Shares in Northern Star shot up from $13.82 after the announcement, hitting an all-time high of $17.03 in November.
Northern Star has since retreated to $12.72 at Friday market close.
But suffice to say, investors who purchased Northern Star in 2007, when Bill Beament took the reins and they traded around 10 cents a share, would be popping the champagne today after watching their stock soar a staggering 12,740 per cent.
It means a $100 investment in 2007 would today be worth $12,840 — and the biggest winner from the golden turnaround has been Mr Beament, whose stake in the company is currently valued around $75.8 million.
Saracen’s stock has enjoyed a similar ride, up from $3.39 when the miner bought into the Super Pit to a record high of $6.75 late last year.
The stock was changing hands for $4.81 at Friday’s market close, valuing Mr Finlayson’s stake around $15.7 million.
Mr Finlayson has spoken publicly of his support for the succession plan.
“To be absolutely clear, I am the number one supporter of my transition from managing director to Stuart Tonkin,” the Kalgoorlie-born mining engineer said in October.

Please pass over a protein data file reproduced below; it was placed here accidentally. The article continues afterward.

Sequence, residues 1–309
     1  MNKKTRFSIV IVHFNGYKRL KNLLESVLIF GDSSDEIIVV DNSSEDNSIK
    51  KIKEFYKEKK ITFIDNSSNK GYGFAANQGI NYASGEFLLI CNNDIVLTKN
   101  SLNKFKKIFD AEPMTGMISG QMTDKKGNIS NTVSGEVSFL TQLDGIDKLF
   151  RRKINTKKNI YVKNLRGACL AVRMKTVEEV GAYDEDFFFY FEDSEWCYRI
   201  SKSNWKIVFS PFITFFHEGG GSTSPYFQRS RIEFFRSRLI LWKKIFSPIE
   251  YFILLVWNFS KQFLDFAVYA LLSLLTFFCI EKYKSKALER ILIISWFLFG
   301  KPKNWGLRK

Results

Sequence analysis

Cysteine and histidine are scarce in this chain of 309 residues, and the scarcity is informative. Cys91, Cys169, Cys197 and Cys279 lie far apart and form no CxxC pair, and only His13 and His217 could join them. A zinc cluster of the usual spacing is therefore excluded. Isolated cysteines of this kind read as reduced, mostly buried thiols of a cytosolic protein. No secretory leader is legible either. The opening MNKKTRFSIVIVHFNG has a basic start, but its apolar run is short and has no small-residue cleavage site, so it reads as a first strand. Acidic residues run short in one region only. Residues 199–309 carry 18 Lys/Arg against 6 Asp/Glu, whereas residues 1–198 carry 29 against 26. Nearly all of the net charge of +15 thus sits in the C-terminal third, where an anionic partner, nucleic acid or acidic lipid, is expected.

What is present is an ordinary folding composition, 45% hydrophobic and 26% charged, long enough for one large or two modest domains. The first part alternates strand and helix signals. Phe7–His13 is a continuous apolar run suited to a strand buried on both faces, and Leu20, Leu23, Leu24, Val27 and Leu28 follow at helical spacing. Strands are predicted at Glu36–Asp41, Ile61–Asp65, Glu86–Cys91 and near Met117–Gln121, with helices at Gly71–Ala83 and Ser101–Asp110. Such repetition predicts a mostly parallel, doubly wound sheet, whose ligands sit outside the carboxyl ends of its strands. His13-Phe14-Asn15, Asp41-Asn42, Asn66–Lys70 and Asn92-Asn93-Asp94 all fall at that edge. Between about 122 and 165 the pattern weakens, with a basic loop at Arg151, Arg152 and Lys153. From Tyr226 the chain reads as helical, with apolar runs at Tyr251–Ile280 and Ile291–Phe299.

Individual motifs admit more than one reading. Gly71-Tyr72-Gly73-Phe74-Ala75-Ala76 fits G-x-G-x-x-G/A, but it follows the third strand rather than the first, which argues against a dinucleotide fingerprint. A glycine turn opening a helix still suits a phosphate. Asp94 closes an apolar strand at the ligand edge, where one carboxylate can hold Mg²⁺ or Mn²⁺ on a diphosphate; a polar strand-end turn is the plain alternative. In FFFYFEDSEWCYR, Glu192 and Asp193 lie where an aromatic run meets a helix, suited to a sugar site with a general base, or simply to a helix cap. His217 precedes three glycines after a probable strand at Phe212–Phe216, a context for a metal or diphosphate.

Super Pit future ‘bigger and better’
While both companies operate multiple mines, the Super Pit is undoubtedly the jewel in the crown of the merged group.
It has produced more than 21 million ounces of gold since 1989.
The question of how long the Super Pit could continue to operate has hung around since the first bucket of ore was loaded onto a truck.
In fact, union officials in 1989 had considered it “impossible” for the Super Pit to see out the millennium.
The most recent estimate of mine reserves was revealed in August last year following a six-month strategic review.
Both companies were confident enough to tell the stock market that the Super Pit would continue operating until at least 2035, including the Fimiston South cutback.
The expansion at the southern end of the Super Pit would create another 700 jobs, on top of the 1,200 workers and contractors the mine already employed.
Another mining front is fixing the eastern wall which sustained a significant rockfall in May 2018 and threatened the mine’s short-term future.
Significantly, the companies also revealed exploration drilling had confirmed gold below the deepest historical workings of around 1,400 metres below the surface.